I started sewing when I was five, learning to make everything I wanted the way I wanted it. From doll clothes to Halloween costumes, to prom dresses, even my own wardrobe in high school and college that fit me perfectly. But it wasn’t until I had a child with sensory processing disorder and Asperger Syndrome that sewing became more than just a part of my everyday life. It became a gift I could give my son.
If you know children (or adults) who have sensitivities or special needs of any kind, you will undoubtedly nod in acknowledgement when anyone speaks of cutting tags out of shirts and pants, wearing socks inside out so the seams don’t touch the toes, and an outright refusal to wear jeans.
For my son Peter, the difference between a good day and a call-mom-at-work-to-pick-up-the-child day was almost exclusively down to the clothes he wore. After my otherwise mild-mannered child had a giant temper tantrum over an orange shirt, I realized I needed to pull out my sewing machine to help him. It wasn’t the color of the shirt that was the problem. The problem was that the thickness of the fabric caused the overlocked interior seams to be very bulky, therefore not smooth on the inside. The seam itself caused him such distraction, he had no attention left over to tolerate any other irregularities or external input, hence the overwhelm and subsequent meltdown. I was only able to discover the underlying issue because he was a highly verbal child at three years old. Imagine how much more difficult it is to interpret the cause of sensory overwhelm in a nonverbal baby or child (or nonverbal adult, for that matter).
The solution, as is often the case, was far simpler than the problem. I just needed to make him the smoothest possible seams in every piece of clothing he wore. Eighteen years ago, we couldn’t find tagless t-shirts or raw-edged sweats at the store, so I learned to make the most comfortable little boy clothes I could imagine. These turned out to be the “secret pajamas” on which I would later base my entire sewing philosophy. I only bought fabrics that would wash well and not pill in the dryer because those little balls of polyester fleece were irritating to my boy’s little legs.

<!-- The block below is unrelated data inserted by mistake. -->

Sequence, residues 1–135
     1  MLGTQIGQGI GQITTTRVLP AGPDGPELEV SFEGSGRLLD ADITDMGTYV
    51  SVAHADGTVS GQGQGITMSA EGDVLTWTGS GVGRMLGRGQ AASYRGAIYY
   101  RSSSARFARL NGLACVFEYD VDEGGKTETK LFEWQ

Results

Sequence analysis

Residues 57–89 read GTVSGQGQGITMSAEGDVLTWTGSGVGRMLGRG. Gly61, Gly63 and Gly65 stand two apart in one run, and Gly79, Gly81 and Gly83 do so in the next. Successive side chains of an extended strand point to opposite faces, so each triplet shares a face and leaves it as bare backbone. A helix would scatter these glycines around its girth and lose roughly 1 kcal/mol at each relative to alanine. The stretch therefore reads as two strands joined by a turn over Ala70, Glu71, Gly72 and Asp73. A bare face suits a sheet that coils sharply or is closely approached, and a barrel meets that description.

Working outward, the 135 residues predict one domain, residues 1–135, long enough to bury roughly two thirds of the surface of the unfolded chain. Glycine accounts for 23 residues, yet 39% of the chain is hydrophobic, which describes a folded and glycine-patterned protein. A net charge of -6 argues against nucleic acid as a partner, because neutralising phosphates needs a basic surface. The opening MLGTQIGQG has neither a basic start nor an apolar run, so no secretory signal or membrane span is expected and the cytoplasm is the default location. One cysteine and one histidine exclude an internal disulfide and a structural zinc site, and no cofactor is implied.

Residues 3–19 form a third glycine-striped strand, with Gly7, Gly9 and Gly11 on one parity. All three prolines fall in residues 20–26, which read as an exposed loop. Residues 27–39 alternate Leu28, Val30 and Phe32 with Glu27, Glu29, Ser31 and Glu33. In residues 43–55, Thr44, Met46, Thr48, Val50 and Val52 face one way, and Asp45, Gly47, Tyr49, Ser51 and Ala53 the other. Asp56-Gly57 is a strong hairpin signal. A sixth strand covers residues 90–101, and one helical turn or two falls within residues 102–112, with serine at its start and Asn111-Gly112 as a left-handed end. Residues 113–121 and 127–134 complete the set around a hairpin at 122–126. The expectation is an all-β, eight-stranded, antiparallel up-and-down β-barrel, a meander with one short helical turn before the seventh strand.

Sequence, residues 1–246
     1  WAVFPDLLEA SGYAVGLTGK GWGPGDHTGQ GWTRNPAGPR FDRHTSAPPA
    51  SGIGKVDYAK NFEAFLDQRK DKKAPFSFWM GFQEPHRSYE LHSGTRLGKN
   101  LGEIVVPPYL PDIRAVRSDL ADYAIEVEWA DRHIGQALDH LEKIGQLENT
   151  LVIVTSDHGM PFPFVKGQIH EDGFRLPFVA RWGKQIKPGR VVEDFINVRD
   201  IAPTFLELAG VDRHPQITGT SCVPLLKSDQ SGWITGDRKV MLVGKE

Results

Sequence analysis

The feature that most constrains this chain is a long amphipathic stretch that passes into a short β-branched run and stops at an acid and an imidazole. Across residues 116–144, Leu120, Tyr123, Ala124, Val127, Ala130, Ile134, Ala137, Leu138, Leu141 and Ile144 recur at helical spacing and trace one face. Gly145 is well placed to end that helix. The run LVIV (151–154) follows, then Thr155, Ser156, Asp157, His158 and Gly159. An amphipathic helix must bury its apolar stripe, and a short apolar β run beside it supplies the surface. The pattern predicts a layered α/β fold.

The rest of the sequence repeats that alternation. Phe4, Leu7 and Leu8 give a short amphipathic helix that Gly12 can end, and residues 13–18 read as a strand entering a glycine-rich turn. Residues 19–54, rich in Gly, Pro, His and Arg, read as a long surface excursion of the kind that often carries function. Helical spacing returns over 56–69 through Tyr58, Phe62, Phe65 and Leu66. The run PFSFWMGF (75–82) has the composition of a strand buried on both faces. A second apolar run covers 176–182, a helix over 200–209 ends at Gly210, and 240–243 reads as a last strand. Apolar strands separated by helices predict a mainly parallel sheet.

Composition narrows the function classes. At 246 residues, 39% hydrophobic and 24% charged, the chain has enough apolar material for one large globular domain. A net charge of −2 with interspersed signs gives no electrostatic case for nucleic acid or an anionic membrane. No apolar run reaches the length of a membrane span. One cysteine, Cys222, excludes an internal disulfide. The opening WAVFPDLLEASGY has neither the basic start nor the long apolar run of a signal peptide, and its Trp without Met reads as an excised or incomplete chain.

I started to sew his shirts inside out, tacking down the seam allowances with an additional line of stitching. I sewed strips of thin polar fleece inside jeans to flatten and soften the seams. I even stitched the pockets to the front of his trousers with soft twill tape so they wouldn’t flop around or bunch up at the side seam.
I learned to remove tags from those t-shirts he really wanted from the store and sew an extra binding on the inside back neck if I couldn’t completely remove the tags and paper or rough ribbon remained.
Between the extra special clothing and occupational therapy, my son transcended his sensory issues and thrived in school and beyond. He’s now a completely independent successful adult, going to college, working full-time, and living in his own apartment without giving a second thought to his clothing.
When we make clothes for ourselves and others, paying special attention to their specific needs and considering comfort as much as style we truly give a gift that can affect their experience. Over the years, I’ve been able to help children who would otherwise collapse with sensory overwhelm live normal kid lives.
About the Author: Karen LePage has written books about sewing for children and adults. She is the indie designer’s patternmaking secret weapon, and has taught video and in-person classes to anyone who would listen since 2008. She believes that sewing clothes is a radical act of self-love. For more information and a demonstration of specific techniques, please join Karen in class 1926 Sewing for People with Sensitivities. Sign up at sewexpo.com when the ticket office opens. Also be sure to visit her blog One Girl Circus to learn more about Karen’s experiences and how you can adopt similar philosophies when sewing for others.